Charlie Weimers, chief of staff for Member of the European Parliament Lars Adaktusson, a Swedish representative, organized the recent event on behalf of Mr. Adaktusson. He also was part of an exploratory committee to some recently liberated towns and villages of the Nineveh Plain the delegation drove back to Ankawa, outside Erbil, to meet representatives from political parties of Assyrian/Chaldean/Syriac Christians.
“They supported the resolution which had passed in the European Parliament and they asked us to host an international conference to highlight the plight of victims of genocide,” explained Weimers. “They all signed a letter; all the ten major Christian parties.”
A week prior to the conference, the Assyrian Democratic Movement along with two other political parties along with two churches pulled out of the conference. The parties’ organizers were accused of promulgating a “Kurdish agenda” and hoping to get “the Nineveh Plain annexed to the Kurdistan region of Iraq”. The accusations were based on a draft of the policy position paper.
The overwhelming majority of the attendees to the conference wholeheartedly agreed that the only viable solution for Christians in the region was a self-governing province. They referred to the Iraqi constitution and the right to establish a region in the Nineveh plain with their own police force, security force, healthcare and education and justice system.
The Kurdish regional government’s representative Hoshyar Siwaily, who also heads the foreign relations office of the Kurdish Democratic Party (KDP), said in his speech that it’s entirely up the people to decide whether they want to join KRG or self-govern within Iraq.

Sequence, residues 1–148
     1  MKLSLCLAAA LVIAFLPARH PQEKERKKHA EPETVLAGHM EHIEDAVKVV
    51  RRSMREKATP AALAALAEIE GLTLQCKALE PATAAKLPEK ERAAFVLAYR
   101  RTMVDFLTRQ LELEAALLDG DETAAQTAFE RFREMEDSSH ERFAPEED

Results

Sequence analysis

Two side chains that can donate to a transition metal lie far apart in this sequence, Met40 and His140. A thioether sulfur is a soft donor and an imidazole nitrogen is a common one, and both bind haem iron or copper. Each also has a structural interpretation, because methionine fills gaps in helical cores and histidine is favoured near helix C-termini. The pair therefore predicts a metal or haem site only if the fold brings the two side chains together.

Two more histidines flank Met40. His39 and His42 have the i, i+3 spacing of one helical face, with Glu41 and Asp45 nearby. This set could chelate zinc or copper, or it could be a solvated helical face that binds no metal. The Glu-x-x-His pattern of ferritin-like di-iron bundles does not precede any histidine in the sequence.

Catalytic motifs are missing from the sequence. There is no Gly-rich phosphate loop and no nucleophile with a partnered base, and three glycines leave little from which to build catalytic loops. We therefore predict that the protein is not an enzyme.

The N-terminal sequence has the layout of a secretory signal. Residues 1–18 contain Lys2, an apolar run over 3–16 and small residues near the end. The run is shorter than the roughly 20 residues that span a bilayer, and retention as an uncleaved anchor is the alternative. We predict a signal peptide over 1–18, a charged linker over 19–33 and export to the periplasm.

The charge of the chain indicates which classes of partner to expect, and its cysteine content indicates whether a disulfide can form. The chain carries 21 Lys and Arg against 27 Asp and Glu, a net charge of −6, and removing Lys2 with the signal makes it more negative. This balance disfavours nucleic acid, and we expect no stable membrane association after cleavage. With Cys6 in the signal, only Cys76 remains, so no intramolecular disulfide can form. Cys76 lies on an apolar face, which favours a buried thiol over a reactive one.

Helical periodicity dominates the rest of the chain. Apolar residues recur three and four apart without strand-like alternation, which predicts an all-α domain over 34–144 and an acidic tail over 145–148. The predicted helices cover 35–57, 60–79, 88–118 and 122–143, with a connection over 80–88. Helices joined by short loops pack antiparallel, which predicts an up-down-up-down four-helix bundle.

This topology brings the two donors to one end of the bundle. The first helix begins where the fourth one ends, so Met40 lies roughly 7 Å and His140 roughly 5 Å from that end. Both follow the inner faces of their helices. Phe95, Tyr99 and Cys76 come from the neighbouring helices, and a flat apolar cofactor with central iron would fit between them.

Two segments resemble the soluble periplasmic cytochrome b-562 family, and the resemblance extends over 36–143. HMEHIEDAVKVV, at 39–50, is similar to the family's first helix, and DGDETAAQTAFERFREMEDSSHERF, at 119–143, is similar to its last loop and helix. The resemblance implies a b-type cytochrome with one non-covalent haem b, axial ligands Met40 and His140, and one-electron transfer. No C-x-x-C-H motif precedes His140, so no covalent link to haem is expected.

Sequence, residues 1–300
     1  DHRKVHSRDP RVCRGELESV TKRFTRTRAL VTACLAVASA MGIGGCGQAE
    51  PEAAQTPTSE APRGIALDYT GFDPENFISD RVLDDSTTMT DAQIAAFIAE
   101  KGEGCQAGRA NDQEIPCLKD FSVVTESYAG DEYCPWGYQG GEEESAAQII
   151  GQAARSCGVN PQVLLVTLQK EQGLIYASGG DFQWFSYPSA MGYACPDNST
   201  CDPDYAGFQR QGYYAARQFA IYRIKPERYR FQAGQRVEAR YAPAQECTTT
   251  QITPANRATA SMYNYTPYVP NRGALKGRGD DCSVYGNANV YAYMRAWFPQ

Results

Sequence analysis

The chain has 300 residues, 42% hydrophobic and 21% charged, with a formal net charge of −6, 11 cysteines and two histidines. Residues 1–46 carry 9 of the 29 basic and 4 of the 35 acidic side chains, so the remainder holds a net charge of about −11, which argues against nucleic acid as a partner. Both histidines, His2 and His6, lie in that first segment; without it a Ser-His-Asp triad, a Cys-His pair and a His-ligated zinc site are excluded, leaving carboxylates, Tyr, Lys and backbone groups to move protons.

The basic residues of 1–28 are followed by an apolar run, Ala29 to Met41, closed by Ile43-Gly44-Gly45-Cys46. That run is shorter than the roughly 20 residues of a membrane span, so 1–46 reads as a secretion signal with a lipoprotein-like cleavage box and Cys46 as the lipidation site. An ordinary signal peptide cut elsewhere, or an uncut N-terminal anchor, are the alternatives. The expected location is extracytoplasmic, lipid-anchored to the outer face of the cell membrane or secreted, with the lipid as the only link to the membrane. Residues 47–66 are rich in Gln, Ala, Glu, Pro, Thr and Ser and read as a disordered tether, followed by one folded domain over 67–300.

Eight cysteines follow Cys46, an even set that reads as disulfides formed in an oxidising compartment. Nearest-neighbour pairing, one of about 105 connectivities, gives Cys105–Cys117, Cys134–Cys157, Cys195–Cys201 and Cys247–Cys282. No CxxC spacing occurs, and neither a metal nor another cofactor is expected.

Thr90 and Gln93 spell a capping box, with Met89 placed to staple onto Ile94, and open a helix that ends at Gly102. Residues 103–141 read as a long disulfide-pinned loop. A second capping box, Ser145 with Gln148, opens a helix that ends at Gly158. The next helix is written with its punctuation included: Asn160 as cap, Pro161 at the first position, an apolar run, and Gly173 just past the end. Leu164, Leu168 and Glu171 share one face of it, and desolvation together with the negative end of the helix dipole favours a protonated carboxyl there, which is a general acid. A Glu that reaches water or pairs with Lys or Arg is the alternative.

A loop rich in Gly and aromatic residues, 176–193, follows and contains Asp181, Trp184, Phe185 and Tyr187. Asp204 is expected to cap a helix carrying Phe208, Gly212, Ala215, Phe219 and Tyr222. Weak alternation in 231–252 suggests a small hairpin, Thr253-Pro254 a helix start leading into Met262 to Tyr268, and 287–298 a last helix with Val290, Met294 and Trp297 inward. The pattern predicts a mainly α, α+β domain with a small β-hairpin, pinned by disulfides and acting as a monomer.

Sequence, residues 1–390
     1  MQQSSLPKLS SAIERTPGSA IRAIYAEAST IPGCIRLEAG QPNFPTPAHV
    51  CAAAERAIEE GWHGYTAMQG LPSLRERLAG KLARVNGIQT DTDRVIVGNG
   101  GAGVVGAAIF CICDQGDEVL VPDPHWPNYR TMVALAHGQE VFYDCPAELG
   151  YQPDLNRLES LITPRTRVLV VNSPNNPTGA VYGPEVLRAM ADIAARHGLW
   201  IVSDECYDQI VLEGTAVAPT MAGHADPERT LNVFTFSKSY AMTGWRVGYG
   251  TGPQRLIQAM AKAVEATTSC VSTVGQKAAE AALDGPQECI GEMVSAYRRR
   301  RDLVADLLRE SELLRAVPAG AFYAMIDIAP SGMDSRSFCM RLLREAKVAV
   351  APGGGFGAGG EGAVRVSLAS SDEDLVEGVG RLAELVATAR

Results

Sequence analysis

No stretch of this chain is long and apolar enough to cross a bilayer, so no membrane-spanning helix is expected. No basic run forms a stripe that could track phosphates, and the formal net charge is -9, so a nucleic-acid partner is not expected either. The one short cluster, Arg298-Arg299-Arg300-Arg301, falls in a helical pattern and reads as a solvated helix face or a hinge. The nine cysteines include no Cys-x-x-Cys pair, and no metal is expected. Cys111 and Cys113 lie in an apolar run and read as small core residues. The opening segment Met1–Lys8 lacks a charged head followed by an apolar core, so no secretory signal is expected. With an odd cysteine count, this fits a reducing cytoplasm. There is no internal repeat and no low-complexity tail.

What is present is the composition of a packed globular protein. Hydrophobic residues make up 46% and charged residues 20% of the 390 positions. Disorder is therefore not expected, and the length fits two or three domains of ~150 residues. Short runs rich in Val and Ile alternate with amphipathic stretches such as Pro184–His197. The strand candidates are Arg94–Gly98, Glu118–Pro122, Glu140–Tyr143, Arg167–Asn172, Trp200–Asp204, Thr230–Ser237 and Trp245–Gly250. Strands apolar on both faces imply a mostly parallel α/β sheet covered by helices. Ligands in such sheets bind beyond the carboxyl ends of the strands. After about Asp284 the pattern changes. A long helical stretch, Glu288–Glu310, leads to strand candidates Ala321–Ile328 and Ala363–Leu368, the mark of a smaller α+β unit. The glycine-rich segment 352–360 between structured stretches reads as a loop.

Adaktusson announced in his final presentation said, “Today, ISIS was declared defeated by the Iraqi government. This adds to this historical moment.”
After the political parties present at the conference signed the policy position paper, Iraqi representatives invited Adaktusson to visit Baghdad in the fall and thanked him for having succeeded in making them cooperate and amend their final demands for the Nineveh Plain. They also voiced their mutual concern for those political parties which had pulled out of the conference hoping they will cooperate at a future time.
Representative of the Iraqi Government and the European Delegation for Iraq were both present at this conference.
Charlie Weimers, chief of staff for Member of the European Parliament Lars Adaktusson and a recent convert to Catholicism, spoke to the Register about the hopeful impact of this recent conference:
What is the state of reality for Middle Eastern Christians?